MUMBAI, India – One week before elections that will determine a new prime minister, Indians are deeply dissatisfied with the direction of their country and overwhelmingly want a change in leadership in New Delhi, according to a survey released Monday.
The Pew Research Center found that Indians favor the main opposition group, the Hindu nationalist Bharatiya Janata Party, to the ruling Indian National Congress by a ratio of more than 3 to 1. The BJP's strong showing rests on the perception that it would do a better job combating the country's range of woes including corruption, unemployment, inflation and political deadlock, the survey said.
The findings bolster the sense of inevitability that is beginning to envelop Narendra Modi, the BJP's prime ministerial candidate who currently leads the influential western state of Gujarat. Although Modi has long faced accusations that he did not intervene to stop deadly anti-Muslim riots in Gujarat in 2002, he has recast himself as a clean, business-friendly politician whose state has posted impressive economic growth.
Nearly eight in 10 Indians surveyed held a favorable view of Modi, while only 50% felt the same way about his rival, Congress Party standard-bearer Rahul Gandhi, scion of the Jawaharlal Nehru-Indira Gandhi dynasty that has led India for most of its history since independence in 1947. This and other polls suggest the Congress Party may suffer its worst-ever showing in the parliamentary elections that begin April 7 and run into mid-May.
Dogged by corruption scandals and flagging economic growth, the Congress Party has relied on support from rural Indians, whom it has boosted with food subsidies and entitlement schemes. But in a troubling sign for the party, more than half of those Pew surveyed said that the BJP would do a better job than Congress in aiding the poor.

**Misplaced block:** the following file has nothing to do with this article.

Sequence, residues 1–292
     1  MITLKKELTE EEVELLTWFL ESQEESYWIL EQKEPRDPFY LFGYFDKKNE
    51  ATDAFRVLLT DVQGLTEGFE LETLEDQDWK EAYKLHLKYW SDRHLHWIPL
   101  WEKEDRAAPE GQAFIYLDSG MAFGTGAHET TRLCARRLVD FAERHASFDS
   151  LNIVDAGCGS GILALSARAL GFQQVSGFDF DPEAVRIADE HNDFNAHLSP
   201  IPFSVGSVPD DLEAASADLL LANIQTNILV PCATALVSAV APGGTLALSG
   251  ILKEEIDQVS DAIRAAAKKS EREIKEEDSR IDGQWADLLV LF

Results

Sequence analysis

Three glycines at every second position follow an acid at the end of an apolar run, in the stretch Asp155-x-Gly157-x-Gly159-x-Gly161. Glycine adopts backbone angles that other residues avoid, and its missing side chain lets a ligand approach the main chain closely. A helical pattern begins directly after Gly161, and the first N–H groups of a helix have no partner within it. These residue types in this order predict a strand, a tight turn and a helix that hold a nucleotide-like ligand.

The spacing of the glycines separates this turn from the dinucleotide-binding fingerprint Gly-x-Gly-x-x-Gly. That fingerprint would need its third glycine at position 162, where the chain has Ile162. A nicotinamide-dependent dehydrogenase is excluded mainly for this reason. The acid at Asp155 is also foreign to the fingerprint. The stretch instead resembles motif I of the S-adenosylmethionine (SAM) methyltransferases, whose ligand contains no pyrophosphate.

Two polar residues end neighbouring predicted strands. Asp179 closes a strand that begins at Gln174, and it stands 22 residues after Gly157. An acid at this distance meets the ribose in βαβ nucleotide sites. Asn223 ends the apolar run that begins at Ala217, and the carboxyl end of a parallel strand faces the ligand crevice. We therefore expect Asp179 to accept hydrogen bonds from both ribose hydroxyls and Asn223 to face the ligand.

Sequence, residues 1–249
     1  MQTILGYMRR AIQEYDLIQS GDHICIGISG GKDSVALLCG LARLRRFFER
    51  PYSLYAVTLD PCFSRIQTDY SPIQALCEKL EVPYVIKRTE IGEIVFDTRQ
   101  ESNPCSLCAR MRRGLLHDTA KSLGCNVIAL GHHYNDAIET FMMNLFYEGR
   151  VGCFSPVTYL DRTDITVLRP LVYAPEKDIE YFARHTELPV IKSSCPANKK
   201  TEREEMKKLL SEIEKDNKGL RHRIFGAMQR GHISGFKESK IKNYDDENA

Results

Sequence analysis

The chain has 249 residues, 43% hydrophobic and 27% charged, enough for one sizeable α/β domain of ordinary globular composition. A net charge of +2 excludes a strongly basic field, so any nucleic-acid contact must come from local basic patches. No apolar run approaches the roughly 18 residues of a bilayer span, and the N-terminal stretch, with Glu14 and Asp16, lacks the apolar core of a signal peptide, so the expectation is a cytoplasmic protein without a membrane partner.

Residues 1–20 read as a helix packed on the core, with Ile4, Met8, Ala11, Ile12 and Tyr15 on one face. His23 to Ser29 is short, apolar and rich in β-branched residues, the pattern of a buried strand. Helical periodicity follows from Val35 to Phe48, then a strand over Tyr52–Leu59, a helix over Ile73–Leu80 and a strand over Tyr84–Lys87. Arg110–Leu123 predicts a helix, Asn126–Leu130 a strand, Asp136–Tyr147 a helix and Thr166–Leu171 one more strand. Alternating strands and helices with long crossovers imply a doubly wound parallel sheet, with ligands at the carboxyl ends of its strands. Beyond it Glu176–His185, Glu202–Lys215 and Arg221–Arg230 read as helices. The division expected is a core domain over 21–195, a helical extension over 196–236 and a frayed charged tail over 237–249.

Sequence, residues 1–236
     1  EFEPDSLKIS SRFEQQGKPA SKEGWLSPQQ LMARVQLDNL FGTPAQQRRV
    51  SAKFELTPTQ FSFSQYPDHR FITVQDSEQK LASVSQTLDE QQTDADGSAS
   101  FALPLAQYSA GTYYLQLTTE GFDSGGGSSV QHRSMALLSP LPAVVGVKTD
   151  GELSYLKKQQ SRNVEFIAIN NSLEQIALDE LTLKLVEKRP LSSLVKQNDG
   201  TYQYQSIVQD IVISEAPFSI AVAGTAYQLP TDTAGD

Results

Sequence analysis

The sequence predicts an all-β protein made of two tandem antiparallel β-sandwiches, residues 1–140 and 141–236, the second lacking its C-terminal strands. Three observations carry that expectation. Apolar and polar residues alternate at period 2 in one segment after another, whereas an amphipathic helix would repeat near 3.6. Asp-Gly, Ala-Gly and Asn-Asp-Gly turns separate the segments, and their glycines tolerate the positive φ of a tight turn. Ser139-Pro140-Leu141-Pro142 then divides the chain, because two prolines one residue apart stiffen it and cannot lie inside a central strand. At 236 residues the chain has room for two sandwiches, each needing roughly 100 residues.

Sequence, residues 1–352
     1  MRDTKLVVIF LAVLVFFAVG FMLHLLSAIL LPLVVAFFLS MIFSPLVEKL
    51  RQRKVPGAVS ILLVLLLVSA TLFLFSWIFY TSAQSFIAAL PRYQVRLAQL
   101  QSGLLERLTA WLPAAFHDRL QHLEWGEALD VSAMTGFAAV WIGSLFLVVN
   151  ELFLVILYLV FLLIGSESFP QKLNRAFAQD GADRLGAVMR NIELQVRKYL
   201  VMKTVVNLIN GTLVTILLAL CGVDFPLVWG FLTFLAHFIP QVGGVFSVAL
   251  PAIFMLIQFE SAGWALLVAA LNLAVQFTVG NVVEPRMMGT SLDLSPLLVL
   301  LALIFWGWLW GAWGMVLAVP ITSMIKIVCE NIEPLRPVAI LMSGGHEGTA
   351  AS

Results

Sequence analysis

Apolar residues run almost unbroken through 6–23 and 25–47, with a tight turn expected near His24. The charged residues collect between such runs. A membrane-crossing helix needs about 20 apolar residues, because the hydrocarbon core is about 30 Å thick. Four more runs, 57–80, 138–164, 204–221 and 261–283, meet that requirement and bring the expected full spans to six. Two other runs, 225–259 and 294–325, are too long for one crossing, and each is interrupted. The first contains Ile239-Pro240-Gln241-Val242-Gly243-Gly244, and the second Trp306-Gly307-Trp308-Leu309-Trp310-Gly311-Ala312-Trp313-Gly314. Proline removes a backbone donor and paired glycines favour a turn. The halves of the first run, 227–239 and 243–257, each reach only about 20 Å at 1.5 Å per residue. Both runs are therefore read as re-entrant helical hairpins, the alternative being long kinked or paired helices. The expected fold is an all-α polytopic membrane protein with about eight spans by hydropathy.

If Modi comes to power in India, the world's 10th largest economy, it would create some uncomfortable questions for the United States, which until recently had observed an official boycott of the firebrand leader and had denied him a visa due to his alleged role in the 2002 violence.
In February, the U.S. ambassador to New Delhi, Nancy Powell, broke the chill by requesting a meeting with Modi in his home state. State Department officials described the encounter as cordial, but many within the U.S. government still regard Modi with suspicion.
U.S. business leaders, including companies such as Ford and General Motors, which have built plants in Gujarat, are said to be broadly supportive of a Modi prime ministership. Ultimately, his supporters say, a stronger Indian economy is in the United States' best interest.
Seven of 10 Indians surveyed said they were dissatisfied with the way things are going in their country, although a strong majority, 62%, said they expected the economy to improve over the next year. Young Indians, having come of age over the past decade in which the country doubled per capita income, are more optimistic about their economic prospects than those 50 and older, Pew found.
The survey also found that despite a recent rupture in bilateral relations following the arrest and strip-search of an Indian diplomat in Manhattan, 56% of Indians view the United States favorably – a number comparable to pro-U.S. sentiments Pew recorded in Great Britain and Germany.
A plurality of those surveyed held an unfavorable view of China, India's Asian rival, with nearly two-thirds saying that China's growing military might was a problem for India.
Pew, a Washington-based public opinion research center, surveyed 2,464 Indian adults in December and January in 15 of the country's 17 most populous states.